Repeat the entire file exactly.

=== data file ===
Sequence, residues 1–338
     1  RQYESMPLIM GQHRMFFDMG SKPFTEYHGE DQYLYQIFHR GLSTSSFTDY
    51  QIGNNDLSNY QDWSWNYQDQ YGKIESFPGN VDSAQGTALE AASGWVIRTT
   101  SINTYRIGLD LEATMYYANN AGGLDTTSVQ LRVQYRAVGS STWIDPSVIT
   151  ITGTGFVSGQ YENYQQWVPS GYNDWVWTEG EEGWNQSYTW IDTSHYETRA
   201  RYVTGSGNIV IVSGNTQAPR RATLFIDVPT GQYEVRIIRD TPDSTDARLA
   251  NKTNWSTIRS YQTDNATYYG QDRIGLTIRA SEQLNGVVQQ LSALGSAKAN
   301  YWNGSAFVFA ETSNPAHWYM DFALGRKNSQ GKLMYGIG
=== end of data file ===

Sequence, residues 1–338
     1  RQYESMPLIM GQHRMFFDMG SKPFTEYHGE DQYLYQIFHR GLSTSSFTDY
    51  QIGNNDLSNY QDWSWNYQDQ YGKIESFPGN VDSAQGTALE AASGWVIRTT
   101  SINTYRIGLD LEATMYYANN AGGLDTTSVQ LRVQYRAVGS STWIDPSVIT
   151  ITGTGFVSGQ YENYQQWVPS GYNDWVWTEG EEGWNQSYTW IDTSHYETRA
   201  RYVTGSGNIV IVSGNTQAPR RATLFIDVPT GQYEVRIIRD TPDSTDARLA
   251  NKTNWSTIRS YQTDNATYYG QDRIGLTIRA SEQLNGVVQQ LSALGSAKAN
   301  YWNGSAFVFA ETSNPAHWYM DFALGRKNSQ GKLMYGIG